Assuming that fresh start reporting is appropriate for the company under consideration after the plan of organization has been carried out. The following journal entry is made to eliminate retained earnings deficit.

Paid in capital in excess of par                                        29000

Gain from discharge of indebtedness in Bankruptcy           8000

       Costs of Bankruptcy proceedings                                        7000

       Retained earnings                                                              30,000

 

4.4.4 Disclosure of Reorganization

Notes to the financial statements are used to present the complex issues that are involved in bankruptcy reorganization. The disclosure should include for the period in which the plan of reorganization was carried out.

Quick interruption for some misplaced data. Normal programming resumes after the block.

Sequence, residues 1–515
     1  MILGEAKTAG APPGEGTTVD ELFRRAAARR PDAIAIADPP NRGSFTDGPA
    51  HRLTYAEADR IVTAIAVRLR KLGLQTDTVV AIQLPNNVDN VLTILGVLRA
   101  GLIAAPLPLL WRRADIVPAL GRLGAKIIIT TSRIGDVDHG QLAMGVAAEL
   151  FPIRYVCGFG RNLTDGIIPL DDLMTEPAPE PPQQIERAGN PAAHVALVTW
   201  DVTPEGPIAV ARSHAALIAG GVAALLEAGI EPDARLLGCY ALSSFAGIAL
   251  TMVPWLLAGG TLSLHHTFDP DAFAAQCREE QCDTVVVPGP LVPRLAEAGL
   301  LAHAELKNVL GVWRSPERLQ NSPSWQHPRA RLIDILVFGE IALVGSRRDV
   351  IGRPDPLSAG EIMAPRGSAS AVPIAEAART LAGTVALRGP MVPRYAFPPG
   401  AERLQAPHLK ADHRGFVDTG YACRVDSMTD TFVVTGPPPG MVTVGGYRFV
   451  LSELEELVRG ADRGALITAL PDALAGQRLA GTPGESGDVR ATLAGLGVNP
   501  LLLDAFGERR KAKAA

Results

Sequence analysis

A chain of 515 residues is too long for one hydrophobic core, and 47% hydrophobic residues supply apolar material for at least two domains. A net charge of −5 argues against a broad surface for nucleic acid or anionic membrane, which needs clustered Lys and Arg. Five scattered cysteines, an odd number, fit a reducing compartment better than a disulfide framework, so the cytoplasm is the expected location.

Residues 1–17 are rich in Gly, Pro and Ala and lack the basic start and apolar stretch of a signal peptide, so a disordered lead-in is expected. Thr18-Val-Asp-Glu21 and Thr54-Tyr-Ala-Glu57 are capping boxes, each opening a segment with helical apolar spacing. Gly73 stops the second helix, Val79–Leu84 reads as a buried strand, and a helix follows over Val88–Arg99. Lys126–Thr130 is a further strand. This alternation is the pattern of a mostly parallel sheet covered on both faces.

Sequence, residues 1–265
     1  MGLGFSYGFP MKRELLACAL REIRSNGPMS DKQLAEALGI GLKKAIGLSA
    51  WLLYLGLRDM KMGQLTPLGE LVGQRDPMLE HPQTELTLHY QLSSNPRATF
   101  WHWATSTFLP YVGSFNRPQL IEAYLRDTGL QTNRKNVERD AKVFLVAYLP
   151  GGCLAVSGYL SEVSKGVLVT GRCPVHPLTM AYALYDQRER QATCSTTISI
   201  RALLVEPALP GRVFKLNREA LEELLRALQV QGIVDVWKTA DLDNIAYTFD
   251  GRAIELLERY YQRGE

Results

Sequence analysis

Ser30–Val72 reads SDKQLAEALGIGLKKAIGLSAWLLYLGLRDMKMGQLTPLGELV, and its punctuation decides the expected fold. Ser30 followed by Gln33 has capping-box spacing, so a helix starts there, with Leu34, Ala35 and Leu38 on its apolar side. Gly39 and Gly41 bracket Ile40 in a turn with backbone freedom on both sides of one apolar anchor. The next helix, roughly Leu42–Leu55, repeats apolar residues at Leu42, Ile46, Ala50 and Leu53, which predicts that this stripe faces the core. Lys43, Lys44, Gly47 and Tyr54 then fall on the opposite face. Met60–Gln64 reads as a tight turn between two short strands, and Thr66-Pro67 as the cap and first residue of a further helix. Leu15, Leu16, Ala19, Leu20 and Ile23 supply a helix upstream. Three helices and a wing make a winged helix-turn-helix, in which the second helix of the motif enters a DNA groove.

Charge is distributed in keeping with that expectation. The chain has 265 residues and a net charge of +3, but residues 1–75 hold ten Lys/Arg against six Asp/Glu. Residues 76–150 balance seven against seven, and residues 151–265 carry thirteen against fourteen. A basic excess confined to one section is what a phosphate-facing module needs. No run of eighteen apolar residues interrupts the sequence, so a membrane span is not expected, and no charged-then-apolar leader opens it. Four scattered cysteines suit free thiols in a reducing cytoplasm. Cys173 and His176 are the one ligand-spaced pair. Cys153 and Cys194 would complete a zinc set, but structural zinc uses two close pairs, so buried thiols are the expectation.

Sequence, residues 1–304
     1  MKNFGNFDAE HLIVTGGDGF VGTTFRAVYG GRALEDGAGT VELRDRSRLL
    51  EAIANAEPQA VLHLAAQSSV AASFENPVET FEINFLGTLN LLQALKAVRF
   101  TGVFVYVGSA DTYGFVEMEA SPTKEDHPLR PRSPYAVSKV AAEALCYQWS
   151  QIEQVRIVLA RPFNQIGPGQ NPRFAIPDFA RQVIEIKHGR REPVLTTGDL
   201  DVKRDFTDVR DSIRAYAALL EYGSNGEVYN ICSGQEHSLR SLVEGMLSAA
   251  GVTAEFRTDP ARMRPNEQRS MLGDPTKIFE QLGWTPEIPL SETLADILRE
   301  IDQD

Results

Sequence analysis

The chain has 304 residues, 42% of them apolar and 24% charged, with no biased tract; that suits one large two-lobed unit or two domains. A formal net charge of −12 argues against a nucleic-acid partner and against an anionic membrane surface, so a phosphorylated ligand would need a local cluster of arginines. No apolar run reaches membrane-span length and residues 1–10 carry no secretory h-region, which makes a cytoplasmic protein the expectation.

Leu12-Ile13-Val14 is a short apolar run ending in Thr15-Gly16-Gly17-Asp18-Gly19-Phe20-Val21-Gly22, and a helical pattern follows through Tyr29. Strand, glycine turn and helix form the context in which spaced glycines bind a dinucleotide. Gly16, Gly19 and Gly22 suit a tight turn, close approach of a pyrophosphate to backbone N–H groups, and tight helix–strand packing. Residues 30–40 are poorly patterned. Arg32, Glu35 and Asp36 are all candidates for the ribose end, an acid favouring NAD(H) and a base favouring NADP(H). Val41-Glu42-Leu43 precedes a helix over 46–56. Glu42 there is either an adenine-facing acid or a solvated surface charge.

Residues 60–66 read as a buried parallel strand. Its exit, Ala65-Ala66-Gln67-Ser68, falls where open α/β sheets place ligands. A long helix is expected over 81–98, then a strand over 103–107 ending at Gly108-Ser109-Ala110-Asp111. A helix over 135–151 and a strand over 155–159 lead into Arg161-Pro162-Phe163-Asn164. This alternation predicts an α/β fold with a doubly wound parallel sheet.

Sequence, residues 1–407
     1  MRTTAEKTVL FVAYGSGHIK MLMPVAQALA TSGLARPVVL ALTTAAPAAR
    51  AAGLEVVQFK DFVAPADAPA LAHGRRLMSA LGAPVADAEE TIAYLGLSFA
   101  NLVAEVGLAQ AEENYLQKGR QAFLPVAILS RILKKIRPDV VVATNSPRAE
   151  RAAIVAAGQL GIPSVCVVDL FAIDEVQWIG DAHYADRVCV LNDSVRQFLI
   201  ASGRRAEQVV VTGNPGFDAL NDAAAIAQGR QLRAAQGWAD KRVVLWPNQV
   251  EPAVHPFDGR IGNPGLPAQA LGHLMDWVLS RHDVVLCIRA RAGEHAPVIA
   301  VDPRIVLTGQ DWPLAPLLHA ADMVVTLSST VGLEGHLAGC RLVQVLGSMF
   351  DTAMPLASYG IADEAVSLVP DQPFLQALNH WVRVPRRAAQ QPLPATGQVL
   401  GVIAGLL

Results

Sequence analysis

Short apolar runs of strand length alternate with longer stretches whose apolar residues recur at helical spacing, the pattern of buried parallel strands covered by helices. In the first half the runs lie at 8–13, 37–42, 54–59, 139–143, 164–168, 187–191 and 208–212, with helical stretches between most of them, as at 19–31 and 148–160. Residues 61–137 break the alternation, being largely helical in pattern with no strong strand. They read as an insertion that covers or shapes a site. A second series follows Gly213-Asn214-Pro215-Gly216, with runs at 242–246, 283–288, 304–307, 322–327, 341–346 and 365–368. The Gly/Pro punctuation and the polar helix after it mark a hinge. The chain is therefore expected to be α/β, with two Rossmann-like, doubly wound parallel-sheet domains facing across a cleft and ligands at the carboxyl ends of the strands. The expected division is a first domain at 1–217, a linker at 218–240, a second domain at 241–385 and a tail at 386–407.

4.5 Summary

The failed business may be liquidated or reorganized. In the case of bankruptcy liquidation non-cash assets are sold and the claims of the various parties be satisfied, usually beginning with creditors. The quest for liquidation may be initiated b y the debtors or creditors. The court, creditors, trustee and accountants are among the major parties involved in liquidation.

On the other hand, a firm in failure state may be reorganized if the value of the reorganized firm is likely to be greater than the value of the firm’s assets if they are sold off piecemeal.

 

Click to Download: 
Share

Related Content